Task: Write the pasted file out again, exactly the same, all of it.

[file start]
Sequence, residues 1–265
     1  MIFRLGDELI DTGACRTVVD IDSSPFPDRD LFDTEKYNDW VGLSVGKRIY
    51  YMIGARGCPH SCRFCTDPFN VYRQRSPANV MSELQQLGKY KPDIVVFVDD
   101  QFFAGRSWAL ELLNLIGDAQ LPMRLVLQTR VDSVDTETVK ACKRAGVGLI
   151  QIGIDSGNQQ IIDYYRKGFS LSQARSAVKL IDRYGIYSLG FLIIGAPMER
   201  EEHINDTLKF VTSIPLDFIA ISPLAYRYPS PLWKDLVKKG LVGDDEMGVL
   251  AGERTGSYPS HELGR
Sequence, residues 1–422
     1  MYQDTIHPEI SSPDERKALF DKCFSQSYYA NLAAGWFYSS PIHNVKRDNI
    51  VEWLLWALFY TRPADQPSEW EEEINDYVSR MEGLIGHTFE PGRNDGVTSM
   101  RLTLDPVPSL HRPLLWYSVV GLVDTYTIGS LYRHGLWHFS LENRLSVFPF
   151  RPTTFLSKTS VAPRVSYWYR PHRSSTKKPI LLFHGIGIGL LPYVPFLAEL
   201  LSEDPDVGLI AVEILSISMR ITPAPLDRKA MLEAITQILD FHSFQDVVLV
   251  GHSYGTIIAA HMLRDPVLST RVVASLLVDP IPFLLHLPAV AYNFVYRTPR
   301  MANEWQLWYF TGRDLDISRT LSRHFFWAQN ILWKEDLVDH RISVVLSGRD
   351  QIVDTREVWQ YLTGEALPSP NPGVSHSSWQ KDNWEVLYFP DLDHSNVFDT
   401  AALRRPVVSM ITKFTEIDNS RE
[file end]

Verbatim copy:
Sequence, residues 1–265
     1  MIFRLGDELI DTGACRTVVD IDSSPFPDRD LFDTEKYNDW VGLSVGKRIY
    51  YMIGARGCPH SCRFCTDPFN VYRQRSPANV MSELQQLGKY KPDIVVFVDD
   101  QFFAGRSWAL ELLNLIGDAQ LPMRLVLQTR VDSVDTETVK ACKRAGVGLI
   151  QIGIDSGNQQ IIDYYRKGFS LSQARSAVKL IDRYGIYSLG FLIIGAPMER
   201  EEHINDTLKF VTSIPLDFIA ISPLAYRYPS PLWKDLVKKG LVGDDEMGVL
   251  AGERTGSYPS HELGR
Sequence, residues 1–422
     1  MYQDTIHPEI SSPDERKALF DKCFSQSYYA NLAAGWFYSS PIHNVKRDNI
    51  VEWLLWALFY TRPADQPSEW EEEINDYVSR MEGLIGHTFE PGRNDGVTSM
   101  RLTLDPVPSL HRPLLWYSVV GLVDTYTIGS LYRHGLWHFS LENRLSVFPF
   151  RPTTFLSKTS VAPRVSYWYR PHRSSTKKPI LLFHGIGIGL LPYVPFLAEL
   201  LSEDPDVGLI AVEILSISMR ITPAPLDRKA MLEAITQILD FHSFQDVVLV
   251  GHSYGTIIAA HMLRDPVLST RVVASLLVDP IPFLLHLPAV AYNFVYRTPR
   301  MANEWQLWYF TGRDLDISRT LSRHFFWAQN ILWKEDLVDH RISVVLSGRD
   351  QIVDTREVWQ YLTGEALPSP NPGVSHSSWQ KDNWEVLYFP DLDHSNVFDT
   401  AALRRPVVSM ITKFTEIDNS RE